State Senate Republicans rammed the reapportionment bill (Senate Bill 258), to passage last week with all 24 Republican state senators present voting “yes,” including U.S. Senate candidate Matt Dolan, of Chagrin Falls. All Democrats present voted “no.” (Two senators were absent: Toledo Democrat Teresa Fedor and Ontario Republican Mark Romanchuk.)
Ohio’s House passed the gerrymander Thursday in a 55-37 roll call. Every Democrat present voted “no,” as did five House Republicans, including Rep. Kyle Koehler, of Springfield.
That sent the new map to Gov. Mike DeWine’s desk. As a practical matter, DeWine’s signature would simply clear the way for anti-gerrymander lawsuits so, in the end, judges or experts they pick will likely redraw or at least massage the General Assembly’s handiwork, which will become a full-employment act for squads of (taxpayer-funded) lawyers.
It’s remotely possible that DeWine could veto the measure. But that’s unlikely. The governor is already on thin ice with Republicans to his right on the GOP’s ever-rightward spectrum. A gubernatorial veto could further stoke the GOP’s core, and DeWine has already drawn plenty of fire there.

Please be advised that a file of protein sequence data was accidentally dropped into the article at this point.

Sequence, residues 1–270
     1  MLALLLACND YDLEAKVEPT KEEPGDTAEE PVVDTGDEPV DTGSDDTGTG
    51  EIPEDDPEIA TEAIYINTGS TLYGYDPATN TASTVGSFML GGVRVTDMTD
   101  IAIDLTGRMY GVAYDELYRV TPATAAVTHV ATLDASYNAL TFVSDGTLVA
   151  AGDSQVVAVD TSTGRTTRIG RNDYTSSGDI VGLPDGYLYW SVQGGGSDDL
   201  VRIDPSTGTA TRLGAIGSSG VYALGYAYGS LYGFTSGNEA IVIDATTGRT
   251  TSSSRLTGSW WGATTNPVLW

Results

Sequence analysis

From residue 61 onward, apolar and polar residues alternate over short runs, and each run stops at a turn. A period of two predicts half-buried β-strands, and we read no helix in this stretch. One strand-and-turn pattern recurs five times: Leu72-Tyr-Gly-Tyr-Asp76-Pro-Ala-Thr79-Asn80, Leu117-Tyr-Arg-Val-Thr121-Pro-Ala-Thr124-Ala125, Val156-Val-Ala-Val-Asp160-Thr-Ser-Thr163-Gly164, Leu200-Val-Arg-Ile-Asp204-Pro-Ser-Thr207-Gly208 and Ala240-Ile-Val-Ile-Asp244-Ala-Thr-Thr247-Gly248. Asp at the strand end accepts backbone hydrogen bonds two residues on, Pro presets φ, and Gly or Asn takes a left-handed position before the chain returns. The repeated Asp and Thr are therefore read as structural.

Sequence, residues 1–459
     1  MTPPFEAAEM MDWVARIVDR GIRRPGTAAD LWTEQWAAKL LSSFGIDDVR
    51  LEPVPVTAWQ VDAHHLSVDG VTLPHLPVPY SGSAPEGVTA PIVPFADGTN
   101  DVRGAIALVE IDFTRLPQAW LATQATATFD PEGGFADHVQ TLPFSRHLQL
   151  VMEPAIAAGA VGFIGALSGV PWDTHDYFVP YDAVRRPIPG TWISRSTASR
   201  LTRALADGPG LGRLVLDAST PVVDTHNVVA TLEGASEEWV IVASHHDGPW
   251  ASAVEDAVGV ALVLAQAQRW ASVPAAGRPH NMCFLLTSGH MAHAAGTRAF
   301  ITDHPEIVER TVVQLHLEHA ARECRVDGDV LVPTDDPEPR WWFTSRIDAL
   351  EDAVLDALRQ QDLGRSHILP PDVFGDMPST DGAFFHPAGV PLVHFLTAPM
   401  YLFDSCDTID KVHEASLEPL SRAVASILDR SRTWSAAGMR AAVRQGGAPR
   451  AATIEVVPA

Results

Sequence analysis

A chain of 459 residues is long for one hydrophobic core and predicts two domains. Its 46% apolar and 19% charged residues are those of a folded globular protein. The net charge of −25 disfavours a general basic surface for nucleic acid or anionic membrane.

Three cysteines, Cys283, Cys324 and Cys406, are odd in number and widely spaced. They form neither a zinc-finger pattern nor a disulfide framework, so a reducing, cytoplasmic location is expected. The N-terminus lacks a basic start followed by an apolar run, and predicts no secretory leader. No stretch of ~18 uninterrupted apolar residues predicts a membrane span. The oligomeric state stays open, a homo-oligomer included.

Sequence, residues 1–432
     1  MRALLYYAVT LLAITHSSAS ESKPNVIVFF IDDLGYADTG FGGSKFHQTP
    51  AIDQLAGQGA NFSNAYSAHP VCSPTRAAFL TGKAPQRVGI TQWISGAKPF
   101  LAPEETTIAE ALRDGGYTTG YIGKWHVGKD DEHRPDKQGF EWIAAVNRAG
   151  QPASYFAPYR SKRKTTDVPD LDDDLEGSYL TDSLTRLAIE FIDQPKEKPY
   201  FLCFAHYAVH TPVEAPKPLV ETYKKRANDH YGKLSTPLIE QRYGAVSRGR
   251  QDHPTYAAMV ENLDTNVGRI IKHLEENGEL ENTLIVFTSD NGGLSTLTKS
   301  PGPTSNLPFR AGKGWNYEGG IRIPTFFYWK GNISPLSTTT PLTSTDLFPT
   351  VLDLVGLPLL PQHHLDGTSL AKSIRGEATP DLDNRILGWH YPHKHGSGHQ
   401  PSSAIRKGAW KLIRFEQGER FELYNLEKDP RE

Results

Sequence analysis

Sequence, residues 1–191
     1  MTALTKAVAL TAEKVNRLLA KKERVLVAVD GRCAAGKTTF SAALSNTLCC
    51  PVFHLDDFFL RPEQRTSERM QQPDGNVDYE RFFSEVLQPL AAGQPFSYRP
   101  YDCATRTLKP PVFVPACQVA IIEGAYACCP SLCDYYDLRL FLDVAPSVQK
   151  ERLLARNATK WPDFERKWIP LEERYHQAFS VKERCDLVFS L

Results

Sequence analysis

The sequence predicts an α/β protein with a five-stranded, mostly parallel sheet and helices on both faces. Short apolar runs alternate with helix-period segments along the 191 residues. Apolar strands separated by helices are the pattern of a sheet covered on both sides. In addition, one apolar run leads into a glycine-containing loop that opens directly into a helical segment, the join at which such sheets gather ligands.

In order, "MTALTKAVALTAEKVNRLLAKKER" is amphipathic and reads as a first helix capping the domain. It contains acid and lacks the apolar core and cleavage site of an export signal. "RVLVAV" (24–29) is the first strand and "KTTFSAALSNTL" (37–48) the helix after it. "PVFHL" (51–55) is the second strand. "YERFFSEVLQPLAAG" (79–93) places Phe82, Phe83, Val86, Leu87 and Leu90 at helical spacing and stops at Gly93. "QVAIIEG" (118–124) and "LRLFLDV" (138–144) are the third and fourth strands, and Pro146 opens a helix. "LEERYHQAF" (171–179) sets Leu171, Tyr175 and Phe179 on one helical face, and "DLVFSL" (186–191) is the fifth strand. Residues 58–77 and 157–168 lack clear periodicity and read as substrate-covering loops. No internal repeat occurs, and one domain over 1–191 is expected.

Not only is the Republican map tilted politically, but its geography is also jolting. For example, it takes some creative … reasoning … for Republicans to explain what Greater Cleveland’s Lorain County (Elyria) has in common with Paulding County (its seat is also named Paulding), along the Ohio-Indiana border, 150 miles west of Elyria. Both counties are in a district that likely will re-elect Republican U.S. Rep. Bob Latta, of Bowling Green.
For that matter, how much does Mahoning County (Youngstown) have in common with its GOP-assigned turf-mate roughly 175 miles south, Washington County (Marietta), other than Ohio 7, the Conneaut-to-Chesapeake highway that hugs the Pennsylvania border, then the Ohio River? (Advantage: Incumbent Republican U.S. Rep. Bill Johnson, of Marietta.)
Meanwhile, the GOP map concentrated (“packed”) voters of color into Cleveland and Columbus congressional districts. That will likely weaken those voters’ political influence elsewhere in the two regions, a potential red flag when courts review the map.
Bystanders sometimes lament Americans’ loss of faith in government. But last week’s gerrymander makes that a little easier to understand. In May 2018, almost 75% of the Ohioans voting on the matter demanded an end to gerrymandering (by either party) of the state’s congressional districts. Last week, the General Assembly’s Republicans told all those Ohioans to go pound salt.
Thomas Suddes is an adjunct assistant professor at Ohio University. He covered the Statehouse for The Cleveland Plain Dealer for many years.